Chicago’s Highway Surveillance System

The Chicago Police Department, and retiring Mayor Daley, want to take Chicago’s surveillance system to the highway. The ambitious plan, announced earlier this year, is to install some 200 cameras along interstate highways between Chicago and Mexico. The camera’s function is to take pictures of license plates and cross-reference them to known images of smuggler, drug traffickers, and gun runners.

The system costs just short of  $10 million, and is earmarked as an effective method to catch criminals and find missing children, according to a proposal submitted for federal stimulus funding last year. The grant request was rejected under uses for the stimulus money, but Chicago is searching for other federal dollars to fund Project CrisCros.

The effort was lined up by Frank Kruesi, Chicago City Hall’s contact on Capitol Hill. Kruesi said that Mayor Daley spoke with Secretary of Homeland Security Janet Napolitano last year during a short scheduled meeting that stretched to over an hour.

Project CrisCros is a project that will bring states, and the federal government together to accomplish one goal: stopping the flow of illegal material into the United States.  As with any technology that is seen to impinge on citizen’s rights, the interstate surveillance system raises privacy concerns and issues of profiling.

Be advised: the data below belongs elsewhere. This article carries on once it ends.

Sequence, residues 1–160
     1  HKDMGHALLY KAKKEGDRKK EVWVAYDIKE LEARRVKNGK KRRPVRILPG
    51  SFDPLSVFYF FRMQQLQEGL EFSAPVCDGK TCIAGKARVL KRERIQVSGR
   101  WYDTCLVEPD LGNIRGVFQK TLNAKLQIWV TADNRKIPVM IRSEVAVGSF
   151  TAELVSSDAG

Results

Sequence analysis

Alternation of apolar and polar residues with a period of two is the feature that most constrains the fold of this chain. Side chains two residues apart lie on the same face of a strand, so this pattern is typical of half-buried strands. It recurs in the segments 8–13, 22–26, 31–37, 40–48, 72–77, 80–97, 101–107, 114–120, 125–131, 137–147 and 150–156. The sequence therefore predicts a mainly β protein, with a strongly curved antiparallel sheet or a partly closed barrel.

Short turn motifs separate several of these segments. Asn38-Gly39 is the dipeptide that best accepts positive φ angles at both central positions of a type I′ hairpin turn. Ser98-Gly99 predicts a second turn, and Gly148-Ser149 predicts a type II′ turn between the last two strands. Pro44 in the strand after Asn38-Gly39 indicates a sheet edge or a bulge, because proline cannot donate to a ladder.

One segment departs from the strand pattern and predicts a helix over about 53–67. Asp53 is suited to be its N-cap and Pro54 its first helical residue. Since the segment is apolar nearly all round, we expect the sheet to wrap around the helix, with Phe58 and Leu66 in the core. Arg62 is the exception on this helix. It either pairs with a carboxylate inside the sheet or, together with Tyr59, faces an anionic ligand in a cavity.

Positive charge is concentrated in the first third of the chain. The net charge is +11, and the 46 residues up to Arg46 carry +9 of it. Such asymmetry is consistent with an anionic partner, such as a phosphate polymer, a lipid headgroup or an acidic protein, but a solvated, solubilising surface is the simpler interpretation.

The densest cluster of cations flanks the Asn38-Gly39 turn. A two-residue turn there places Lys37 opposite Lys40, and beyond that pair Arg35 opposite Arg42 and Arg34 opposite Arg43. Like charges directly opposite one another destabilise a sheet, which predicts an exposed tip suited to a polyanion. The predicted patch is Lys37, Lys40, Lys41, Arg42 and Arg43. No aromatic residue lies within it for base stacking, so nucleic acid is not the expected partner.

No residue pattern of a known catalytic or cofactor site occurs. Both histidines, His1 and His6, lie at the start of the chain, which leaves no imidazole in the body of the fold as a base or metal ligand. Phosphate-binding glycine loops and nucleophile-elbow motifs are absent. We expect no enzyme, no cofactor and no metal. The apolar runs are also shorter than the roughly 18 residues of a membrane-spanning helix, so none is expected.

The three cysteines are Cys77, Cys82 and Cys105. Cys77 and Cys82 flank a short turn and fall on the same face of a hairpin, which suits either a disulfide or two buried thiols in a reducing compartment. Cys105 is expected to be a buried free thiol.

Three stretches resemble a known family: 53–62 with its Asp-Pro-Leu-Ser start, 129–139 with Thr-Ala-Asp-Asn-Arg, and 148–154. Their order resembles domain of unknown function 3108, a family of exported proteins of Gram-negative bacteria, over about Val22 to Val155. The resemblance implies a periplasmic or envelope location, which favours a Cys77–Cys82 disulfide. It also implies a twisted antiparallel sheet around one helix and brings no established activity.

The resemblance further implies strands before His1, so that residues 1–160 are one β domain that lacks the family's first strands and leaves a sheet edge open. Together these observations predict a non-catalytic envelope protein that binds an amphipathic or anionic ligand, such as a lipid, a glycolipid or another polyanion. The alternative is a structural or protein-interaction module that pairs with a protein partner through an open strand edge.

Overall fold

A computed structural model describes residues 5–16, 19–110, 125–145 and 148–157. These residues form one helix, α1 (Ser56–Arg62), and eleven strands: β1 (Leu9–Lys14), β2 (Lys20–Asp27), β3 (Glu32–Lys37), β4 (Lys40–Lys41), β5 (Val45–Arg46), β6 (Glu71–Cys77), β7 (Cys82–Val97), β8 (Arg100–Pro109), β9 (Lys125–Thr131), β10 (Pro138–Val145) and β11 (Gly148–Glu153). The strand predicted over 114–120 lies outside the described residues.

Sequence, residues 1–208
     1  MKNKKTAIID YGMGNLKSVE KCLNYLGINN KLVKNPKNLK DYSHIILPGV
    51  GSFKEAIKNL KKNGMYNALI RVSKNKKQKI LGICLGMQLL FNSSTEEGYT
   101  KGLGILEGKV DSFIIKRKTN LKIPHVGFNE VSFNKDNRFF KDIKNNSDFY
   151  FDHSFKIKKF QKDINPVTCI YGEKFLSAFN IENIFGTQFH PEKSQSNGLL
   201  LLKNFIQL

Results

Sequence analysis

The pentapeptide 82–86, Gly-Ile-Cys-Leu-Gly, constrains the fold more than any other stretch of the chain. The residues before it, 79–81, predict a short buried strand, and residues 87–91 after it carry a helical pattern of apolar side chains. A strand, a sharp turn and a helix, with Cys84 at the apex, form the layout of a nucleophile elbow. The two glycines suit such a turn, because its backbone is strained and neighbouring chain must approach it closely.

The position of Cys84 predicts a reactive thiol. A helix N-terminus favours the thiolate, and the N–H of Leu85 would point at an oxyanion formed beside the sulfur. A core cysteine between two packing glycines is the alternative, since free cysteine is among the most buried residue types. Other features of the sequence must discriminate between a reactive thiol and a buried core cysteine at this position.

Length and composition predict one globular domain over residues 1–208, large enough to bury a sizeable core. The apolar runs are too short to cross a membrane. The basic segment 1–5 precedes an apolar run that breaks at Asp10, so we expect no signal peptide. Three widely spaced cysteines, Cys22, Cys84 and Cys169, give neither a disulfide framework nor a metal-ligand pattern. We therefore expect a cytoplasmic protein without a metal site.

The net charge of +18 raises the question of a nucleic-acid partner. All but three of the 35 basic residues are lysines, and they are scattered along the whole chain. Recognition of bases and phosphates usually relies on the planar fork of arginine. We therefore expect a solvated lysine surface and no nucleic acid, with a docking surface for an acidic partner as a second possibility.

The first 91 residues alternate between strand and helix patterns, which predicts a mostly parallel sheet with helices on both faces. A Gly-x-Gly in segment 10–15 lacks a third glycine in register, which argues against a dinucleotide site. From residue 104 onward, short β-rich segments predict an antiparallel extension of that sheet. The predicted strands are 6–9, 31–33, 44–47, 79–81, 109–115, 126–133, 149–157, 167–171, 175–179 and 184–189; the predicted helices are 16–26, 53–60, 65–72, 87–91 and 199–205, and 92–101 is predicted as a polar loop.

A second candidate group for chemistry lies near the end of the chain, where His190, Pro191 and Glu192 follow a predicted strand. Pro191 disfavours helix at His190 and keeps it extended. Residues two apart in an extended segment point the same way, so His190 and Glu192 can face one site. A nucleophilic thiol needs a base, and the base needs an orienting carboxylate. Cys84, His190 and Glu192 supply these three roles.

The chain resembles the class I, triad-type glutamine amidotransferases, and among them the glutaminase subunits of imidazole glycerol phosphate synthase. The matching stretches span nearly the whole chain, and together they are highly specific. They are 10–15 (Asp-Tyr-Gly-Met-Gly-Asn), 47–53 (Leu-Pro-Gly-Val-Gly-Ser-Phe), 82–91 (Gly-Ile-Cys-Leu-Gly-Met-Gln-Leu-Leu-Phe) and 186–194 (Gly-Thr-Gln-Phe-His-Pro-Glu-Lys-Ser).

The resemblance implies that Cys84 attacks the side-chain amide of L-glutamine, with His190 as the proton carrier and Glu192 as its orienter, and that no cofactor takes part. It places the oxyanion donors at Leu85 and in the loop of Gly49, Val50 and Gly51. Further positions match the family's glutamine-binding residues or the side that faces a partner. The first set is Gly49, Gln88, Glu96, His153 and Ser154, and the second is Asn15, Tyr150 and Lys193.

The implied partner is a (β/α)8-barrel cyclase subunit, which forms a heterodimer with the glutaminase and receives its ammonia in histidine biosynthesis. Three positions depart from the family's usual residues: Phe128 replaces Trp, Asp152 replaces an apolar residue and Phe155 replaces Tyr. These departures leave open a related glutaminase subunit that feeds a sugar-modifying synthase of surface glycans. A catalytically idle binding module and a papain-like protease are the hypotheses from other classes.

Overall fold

Chicago is already known for having over 10,000 personal, business, and public security cameras activated–more than any other city in the United States–and many are inter-connected to central monitoring networks. In addition, Chicago uses license plate registration technology to scan cars entering areas of susceptible to terrorist attacks.

Project CrisCros would cover about 1,200 miles on US highways across 13 states using around 200 cameras; the system would be connected to 50 mobile license plate recognition systems; pictures of vehicle’s tail-ends and license plates would be marked with GPS coordinates and fed into computers to compare them with “hot-listed” vehicles.

The information would be used to analyze traffic trends and develop travel models of vehicles suspected of committing illegal activities from the Mexican border to the Windy City.

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